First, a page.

The latest wild bird indicators have just been published by the BTO. They show that farmland birds are still seeing the biggest drops in numbers. The figures released relate to the years 1970 – 2011 and while many bird species appear to be holding their own it is the farmland birds that continue to drop in number. To try to halt the decline a new payment will be available to farmers from the New Year to pay them to feed seeds to the birds.
From 1st January 2013 there will be five new payments schemes available to farmers that they can claim against to try to offset the environmental costs of their farming methods. The new schemes will be through the taxpayer-funded Environmental Stewardship and will be available at both entry-level and higher level schemes.
The new supplementary feeding will be aimed at seed eating birds such as buntings, finches and sparrows. The new schemes will be available to farms in England. It is hoped that the supplementary feeding will help birds to get through the so-called ‘hungry gap’. This is the period between mid-winter and spring when natural foods are not readily available.
Farmers have until 15th December to include the new options in their agreements to take advantage of it in the New Year.
Mike Green, Natural England’s Arable Specialist, who has been involved in designing the new option explained: “Research shows that providing a good supply of cereal, oilseed and specialised grains from mid-winter to early spring can help birds, such as yellowhammers and tree sparrows, survive the winter and enter the spring in a healthier condition. We are working to provide better quality food sources over a longer period of time and on bigger plots, but in the short-term feeding specialised grain on farm tracks during these critical months can really make a difference.”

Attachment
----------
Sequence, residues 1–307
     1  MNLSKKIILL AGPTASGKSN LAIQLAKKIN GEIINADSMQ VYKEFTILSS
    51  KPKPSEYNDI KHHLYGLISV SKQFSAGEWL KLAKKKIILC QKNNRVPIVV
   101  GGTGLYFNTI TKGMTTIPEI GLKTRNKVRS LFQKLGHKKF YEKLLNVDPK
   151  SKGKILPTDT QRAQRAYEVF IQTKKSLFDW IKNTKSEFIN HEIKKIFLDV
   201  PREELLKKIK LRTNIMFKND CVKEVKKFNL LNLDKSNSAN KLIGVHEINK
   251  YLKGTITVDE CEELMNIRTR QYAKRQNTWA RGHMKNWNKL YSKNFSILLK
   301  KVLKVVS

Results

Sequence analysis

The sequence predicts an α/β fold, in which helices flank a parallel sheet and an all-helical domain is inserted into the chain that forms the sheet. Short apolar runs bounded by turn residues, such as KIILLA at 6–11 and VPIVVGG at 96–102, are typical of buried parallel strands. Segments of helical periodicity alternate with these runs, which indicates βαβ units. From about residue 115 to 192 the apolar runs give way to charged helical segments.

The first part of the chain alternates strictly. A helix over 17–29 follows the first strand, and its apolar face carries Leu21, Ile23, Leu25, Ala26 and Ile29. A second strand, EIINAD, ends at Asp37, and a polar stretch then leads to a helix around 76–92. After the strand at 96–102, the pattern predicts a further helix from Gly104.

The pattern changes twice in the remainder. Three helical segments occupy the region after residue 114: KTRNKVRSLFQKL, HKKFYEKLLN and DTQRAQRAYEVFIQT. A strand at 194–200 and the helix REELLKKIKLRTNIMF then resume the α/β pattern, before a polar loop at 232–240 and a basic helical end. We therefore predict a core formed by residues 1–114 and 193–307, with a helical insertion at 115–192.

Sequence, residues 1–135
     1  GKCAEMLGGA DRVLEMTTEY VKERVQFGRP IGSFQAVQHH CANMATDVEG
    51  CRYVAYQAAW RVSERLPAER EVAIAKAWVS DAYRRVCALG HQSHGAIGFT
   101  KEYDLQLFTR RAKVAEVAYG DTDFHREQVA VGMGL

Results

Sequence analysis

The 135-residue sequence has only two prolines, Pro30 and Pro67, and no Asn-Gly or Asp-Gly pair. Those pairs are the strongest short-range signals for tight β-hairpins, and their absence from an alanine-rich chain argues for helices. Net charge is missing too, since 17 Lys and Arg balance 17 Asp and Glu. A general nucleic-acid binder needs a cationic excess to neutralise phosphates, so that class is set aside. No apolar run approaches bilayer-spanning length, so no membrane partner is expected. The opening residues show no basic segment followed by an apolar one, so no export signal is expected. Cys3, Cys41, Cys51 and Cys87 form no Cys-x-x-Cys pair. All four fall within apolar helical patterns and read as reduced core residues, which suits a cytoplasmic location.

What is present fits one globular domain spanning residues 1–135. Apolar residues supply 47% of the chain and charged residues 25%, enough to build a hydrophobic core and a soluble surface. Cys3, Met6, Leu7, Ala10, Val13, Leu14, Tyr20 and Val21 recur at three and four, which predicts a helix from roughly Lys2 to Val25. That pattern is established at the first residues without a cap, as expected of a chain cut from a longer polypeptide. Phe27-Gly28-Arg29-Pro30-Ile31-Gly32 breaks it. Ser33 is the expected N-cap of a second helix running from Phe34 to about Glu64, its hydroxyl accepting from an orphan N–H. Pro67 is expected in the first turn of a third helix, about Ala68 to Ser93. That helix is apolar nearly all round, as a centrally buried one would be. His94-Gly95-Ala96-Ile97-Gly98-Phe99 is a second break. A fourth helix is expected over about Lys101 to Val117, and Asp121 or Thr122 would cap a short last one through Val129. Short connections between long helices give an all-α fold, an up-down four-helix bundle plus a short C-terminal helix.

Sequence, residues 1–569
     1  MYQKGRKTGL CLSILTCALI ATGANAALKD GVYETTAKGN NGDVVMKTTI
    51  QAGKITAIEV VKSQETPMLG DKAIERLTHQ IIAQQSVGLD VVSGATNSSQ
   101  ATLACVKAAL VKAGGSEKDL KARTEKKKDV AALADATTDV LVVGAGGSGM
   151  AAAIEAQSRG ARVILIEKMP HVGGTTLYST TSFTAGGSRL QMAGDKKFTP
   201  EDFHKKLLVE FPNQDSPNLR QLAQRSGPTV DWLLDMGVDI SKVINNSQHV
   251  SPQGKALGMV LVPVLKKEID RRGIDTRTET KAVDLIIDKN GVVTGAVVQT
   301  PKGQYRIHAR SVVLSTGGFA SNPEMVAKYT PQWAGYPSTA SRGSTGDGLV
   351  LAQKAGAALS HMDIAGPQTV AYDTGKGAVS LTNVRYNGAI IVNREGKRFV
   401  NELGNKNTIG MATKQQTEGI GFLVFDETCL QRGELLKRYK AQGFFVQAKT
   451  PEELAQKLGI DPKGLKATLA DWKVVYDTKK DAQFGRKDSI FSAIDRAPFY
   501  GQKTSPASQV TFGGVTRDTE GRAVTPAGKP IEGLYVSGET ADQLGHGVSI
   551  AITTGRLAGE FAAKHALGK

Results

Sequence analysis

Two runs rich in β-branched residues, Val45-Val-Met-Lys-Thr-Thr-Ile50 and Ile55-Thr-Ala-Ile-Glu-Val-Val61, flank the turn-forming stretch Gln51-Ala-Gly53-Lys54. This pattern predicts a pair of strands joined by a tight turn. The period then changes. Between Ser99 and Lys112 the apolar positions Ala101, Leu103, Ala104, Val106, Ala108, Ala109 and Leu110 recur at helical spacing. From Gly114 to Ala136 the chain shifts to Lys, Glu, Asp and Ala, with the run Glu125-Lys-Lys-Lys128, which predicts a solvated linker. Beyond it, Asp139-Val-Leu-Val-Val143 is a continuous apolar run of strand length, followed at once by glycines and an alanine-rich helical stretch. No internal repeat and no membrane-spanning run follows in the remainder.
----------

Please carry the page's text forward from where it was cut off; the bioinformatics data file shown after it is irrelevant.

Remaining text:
The scheme will require farmers to spread grain on the ground close to areas of overwintering stubble and wild bird mixes.
Evidence to support the new option has come from research carried out on the Game & Wildlife Conservation Trust’s Allerton Project Farm in Leicestershire. Dr Alastair Leake, Allerton Project Director, explained: “Our research shows that for some species you can get more breeding birds in spring simply by providing extra food from late winter to early spring. This new option is a fantastic move and will help support over-winter survival of farmland birds. Farmers are already doing a great deal for wildlife and this is another important way that they can successfully help the recovery of bird numbers.”
With the shortage of wild nuts and berries this autumn because of the poor weather throughout the year the extra feed will be welcomed by the farmland birds who are increasingly heading into the gardens to find food.
However with such a sudden boost to demand for wild bird seeds from farmers, people who feed birds can probably expect to see some steep rises in the price of bird food this coming winter. It may be a good time to stock up in bulk buys.
Natural England: supplementary bird feeding.